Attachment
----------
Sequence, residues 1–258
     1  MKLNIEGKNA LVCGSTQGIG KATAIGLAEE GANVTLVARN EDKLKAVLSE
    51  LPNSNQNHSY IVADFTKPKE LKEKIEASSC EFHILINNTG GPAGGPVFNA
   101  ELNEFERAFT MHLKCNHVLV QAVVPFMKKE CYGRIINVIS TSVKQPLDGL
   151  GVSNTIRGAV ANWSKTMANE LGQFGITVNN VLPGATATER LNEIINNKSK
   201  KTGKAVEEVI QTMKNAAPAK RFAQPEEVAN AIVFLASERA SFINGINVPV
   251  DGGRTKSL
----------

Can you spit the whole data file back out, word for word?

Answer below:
Sequence, residues 1–258
     1  MKLNIEGKNA LVCGSTQGIG KATAIGLAEE GANVTLVARN EDKLKAVLSE
    51  LPNSNQNHSY IVADFTKPKE LKEKIEASSC EFHILINNTG GPAGGPVFNA
   101  ELNEFERAFT MHLKCNHVLV QAVVPFMKKE CYGRIINVIS TSVKQPLDGL
   151  GVSNTIRGAV ANWSKTMANE LGQFGITVNN VLPGATATER LNEIINNKSK
   201  KTGKAVEEVI QTMKNAAPAK RFAQPEEVAN AIVFLASERA SFINGINVPV
   251  DGGRTKSL